AUGUSTA — It’s one of the biggest meets of the regular season, with 14 teams showing up to compete this year.

But at this season’s Capital City Classic — for two of the teams in the field, at least — some recent history put a little more on the line.

The Cony and Maranacook girls track and field teams battled for the Kennebec Valley Athletic Conference title last year — the Rams prevailed by 6.5 points — but the Black Bears took the Class C state championship, and with both teams going into this spring with big goals and high expectations, Friday night provided a sneak peak at what might be the closest competition at KVACs once again.

“Cony’s always been one of our big rivals,” Maranacook sophomore Gabby Green said. “I feel like we don’t really acknowledge it, but I feel like we all really know it. We all know we’ve got to come out and get it.”

Cony coach Shawn Totman stopped short of using that R-word. But he acknowledged that Maranacook’s presence, after the teams’ tight battle last season, upped the stakes of an already big event.

“There’s no doubt,” he said. “They’re such a good team, and you always get up for the good teams. … We emphasize that, if you can compete against these teams that you know are just incredibly high quality, that says a lot about where we are as a team.”

There were other good teams at the meet — take, for instance, Lisbon, which won the Mountain Valley Conference boys’ title last year, and Monmouth, the defending MVC girls’ champion. And there were plenty of standout athletes from other schools — take Winthrop’s Aaliyah WilsonFalcone, who won the shot put, and Hall-Dale’s Ashtyn Abbott, who won the high jump.

But there’s a reason the Rams and Black Bears were favored to be the top two teams on the girls’ side coming in, and they know that they’ll be in the same sentence often with conference meets due up next week.

“It’s definitely fun, because we know it’s going to be close every time,” said Cony sophomore Anna Reny, who took first at the 300 hurdles. “It sort of adds the exciting aspect to it that you don’t always get in every meet. You go ‘Oh, this is going to be a close meet, this is going to be hype until the end.’ ”

It wasn’t the first time the two teams met since the championships last May; Cony handled Maranacook in a matchup earlier in the season. But things change over the course of the year, and with the end of the season approaching, both teams knew they were seeing each other at or near top form.

“When you hit them in early meets, it’s ‘Oh, it’s raining, it’s cold, no one’s in their prime shape yet,'” Reny said. “So to get closer and closer to KVACs with them, you get to see who’s coming up, who’s getting better throughout the season. You look for who’s been PRing, who’s coming up faster.”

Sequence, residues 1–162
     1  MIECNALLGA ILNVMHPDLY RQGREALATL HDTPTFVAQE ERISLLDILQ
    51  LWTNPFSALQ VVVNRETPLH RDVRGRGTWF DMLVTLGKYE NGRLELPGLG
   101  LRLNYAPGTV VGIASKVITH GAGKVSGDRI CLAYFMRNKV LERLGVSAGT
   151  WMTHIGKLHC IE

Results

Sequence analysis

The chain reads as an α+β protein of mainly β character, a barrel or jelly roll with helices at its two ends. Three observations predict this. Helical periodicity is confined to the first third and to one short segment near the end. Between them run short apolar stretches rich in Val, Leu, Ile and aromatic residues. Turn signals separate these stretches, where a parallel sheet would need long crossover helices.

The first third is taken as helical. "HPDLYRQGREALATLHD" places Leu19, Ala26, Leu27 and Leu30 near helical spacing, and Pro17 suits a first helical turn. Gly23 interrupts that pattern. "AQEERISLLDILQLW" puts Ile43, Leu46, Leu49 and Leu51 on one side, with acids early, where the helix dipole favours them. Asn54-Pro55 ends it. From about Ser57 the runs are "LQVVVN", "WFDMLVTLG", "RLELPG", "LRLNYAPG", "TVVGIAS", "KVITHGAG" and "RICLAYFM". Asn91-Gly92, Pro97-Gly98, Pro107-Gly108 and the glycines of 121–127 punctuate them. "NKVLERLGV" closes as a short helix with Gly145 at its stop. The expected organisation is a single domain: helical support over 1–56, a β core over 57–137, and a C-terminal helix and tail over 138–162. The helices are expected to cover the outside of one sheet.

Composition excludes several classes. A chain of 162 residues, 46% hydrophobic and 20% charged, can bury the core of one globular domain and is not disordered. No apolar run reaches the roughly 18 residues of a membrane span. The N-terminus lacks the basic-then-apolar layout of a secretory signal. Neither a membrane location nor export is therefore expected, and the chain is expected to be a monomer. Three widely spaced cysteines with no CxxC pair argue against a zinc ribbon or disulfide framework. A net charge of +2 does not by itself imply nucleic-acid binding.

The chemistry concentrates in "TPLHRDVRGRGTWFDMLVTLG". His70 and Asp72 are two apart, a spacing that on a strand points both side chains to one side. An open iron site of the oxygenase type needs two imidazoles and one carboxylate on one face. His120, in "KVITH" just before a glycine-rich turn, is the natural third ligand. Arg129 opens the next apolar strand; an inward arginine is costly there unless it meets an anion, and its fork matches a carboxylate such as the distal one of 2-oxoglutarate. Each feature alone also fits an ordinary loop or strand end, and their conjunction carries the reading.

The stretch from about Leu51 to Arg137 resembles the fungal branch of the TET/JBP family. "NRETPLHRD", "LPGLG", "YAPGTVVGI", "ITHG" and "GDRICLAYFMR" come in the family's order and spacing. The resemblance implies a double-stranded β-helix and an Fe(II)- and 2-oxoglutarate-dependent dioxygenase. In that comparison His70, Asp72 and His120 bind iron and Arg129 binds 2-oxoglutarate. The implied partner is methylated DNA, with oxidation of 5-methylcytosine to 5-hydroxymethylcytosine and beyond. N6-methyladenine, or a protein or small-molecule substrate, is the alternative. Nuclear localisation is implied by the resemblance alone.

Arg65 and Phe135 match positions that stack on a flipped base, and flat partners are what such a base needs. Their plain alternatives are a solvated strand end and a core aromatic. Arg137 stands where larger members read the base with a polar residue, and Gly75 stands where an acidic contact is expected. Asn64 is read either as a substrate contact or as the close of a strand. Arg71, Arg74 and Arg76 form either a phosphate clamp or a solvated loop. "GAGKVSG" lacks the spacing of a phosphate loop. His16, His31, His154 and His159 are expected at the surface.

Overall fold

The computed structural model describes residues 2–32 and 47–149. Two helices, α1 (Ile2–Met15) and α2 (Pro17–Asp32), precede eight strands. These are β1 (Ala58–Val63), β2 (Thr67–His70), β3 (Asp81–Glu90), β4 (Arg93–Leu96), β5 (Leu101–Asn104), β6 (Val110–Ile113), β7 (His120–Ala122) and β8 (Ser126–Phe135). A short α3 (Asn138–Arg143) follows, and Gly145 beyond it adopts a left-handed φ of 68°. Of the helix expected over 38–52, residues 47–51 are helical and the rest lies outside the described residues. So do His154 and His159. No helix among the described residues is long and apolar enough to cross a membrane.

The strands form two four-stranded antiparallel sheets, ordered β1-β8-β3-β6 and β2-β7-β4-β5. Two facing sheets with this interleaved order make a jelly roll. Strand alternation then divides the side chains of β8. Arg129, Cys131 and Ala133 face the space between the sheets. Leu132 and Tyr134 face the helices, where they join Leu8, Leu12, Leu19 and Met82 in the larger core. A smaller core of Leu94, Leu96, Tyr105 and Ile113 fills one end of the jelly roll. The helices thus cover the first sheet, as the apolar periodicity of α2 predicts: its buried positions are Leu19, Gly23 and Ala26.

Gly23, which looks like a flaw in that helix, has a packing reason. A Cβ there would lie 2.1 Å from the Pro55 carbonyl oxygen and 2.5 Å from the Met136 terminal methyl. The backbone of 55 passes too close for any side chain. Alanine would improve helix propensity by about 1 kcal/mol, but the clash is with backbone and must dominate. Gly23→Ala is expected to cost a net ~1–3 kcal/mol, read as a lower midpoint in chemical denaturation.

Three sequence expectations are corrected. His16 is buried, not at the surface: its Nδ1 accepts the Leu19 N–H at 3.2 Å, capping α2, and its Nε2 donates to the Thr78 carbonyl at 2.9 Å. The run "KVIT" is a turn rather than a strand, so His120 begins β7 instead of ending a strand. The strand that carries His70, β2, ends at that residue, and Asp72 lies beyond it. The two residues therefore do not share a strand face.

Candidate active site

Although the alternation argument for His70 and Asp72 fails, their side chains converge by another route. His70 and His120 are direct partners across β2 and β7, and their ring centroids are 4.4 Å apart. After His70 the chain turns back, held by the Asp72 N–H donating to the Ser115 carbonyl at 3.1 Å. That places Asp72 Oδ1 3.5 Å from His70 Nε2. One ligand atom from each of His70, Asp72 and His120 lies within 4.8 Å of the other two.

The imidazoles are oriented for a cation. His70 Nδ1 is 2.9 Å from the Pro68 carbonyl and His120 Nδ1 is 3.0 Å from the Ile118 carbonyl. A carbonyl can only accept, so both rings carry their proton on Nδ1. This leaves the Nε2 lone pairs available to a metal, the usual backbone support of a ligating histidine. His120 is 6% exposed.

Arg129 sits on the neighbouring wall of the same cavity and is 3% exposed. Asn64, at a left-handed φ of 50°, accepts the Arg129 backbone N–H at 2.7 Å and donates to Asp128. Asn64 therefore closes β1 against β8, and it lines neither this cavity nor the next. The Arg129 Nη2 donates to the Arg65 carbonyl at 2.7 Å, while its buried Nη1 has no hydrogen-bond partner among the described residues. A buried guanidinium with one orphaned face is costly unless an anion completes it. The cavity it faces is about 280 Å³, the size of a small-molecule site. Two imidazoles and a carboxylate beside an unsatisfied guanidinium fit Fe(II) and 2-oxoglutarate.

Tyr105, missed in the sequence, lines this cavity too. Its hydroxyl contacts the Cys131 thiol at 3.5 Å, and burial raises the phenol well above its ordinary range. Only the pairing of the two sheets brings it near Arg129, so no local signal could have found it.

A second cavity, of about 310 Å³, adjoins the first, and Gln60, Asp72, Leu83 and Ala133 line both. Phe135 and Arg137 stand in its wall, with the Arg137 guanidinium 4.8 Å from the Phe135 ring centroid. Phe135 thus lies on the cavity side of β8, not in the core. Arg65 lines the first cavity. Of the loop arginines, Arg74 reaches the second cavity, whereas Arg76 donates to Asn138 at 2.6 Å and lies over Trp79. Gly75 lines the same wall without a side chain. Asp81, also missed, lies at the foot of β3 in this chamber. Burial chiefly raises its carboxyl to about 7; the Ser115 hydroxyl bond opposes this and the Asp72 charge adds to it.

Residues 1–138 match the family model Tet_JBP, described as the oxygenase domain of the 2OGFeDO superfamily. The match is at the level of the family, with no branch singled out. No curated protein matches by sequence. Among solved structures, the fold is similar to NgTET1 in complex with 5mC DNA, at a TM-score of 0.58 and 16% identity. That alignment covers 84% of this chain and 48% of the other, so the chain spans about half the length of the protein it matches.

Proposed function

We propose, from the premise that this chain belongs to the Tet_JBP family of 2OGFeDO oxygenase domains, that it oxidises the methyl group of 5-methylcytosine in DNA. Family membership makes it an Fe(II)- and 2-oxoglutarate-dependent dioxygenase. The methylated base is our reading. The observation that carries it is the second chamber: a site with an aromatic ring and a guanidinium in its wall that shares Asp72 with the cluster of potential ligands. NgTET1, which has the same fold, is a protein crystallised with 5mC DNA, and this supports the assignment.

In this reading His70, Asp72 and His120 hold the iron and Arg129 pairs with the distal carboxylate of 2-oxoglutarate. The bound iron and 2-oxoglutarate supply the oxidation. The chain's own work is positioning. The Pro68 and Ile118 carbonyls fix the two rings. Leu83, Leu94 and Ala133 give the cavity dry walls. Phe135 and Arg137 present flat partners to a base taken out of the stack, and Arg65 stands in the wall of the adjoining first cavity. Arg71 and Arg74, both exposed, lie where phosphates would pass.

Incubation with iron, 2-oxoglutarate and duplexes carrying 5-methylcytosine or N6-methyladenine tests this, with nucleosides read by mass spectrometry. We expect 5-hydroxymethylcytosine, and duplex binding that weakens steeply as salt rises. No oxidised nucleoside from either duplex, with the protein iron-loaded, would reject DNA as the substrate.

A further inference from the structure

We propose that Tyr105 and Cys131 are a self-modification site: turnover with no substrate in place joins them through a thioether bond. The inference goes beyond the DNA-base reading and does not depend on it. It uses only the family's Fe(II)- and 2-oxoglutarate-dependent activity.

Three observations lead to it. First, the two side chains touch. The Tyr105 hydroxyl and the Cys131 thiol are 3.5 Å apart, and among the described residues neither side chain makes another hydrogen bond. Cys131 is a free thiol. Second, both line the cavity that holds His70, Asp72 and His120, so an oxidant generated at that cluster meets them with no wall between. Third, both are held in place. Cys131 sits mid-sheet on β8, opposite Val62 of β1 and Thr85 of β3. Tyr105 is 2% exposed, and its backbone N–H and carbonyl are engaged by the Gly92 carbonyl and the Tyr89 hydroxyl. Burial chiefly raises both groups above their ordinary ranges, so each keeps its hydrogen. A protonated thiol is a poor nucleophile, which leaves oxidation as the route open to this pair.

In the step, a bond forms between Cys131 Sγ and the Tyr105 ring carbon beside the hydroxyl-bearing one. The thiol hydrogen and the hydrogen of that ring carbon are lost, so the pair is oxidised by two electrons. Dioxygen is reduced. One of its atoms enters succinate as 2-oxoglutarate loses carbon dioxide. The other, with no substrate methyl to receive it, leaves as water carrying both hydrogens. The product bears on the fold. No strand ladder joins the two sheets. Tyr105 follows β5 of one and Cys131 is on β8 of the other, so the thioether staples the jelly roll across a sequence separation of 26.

And just as football, basketball and baseball teams can circle the calendar when a conference or state title favorite shows up on the schedule, Cony and Maranacook athletes know to bring their best with one of the best teams — and, therefore, some of the best athletes — that they’ll face is up next.

“It adds some excitement to it, knowing that’s who you’re competing against at states,” said Maranacook senior Laura Ireland, who won the pole vault. “Any competition is really helpful in getting new PRs and everything, especially with Cony, when you know there are certain people on the team you’re constantly paired up against.”

Sometimes, the Cony-Maranacook battle translated into specific events, where a Cony and Maranacook athlete met knowing the other was the athlete to beat. This was the case in the javelin, where Julia Reny was seeded first and Green was seeded second, in the 800, where Maranacook’s Molly McGrail was seeded above Bri Harriman, and in the 3,200, where Cony’s Tessa Jorgensen and Grace Kirk were seeded above Maranacook’s Lily Welch.

It also happened in the girls 4×400 relay, where the Cony team of Anna and Julia Reny, Zinab Albrahaihi and Tess Towle was seeded just above Maranacook’s McGrail, Cambelle Nutting, Lily Welch and Caroline Welch.

In those cases, the athletes involved said going up against their rival — there’s that word again — provided a little more competitive fuel.

“Whenever I go to a meet, I’m like ‘I’ve got to beat her.’ That’s my goal,” Green said of Julia Reny. “I don’t care how far I get, I’ve just got to beat her. … That’s been my goal for this year.”

It goes both ways.

“You’re like ‘I’m seeded to beat her, am I actually (going to) if we’re this close?’ ” Anna Reny said. “I know a lot of us check (racing website) Milesplit like there’s no tomorrow. So we know who’s going to be with us. We run the virtual meet, so we know where we’re going to be, what we’re supposed to get.

“Because we all pay attention to where we are, it definitely adds to the hype. … We’re so close points-wise, and you want to be the one to win out in the end.”

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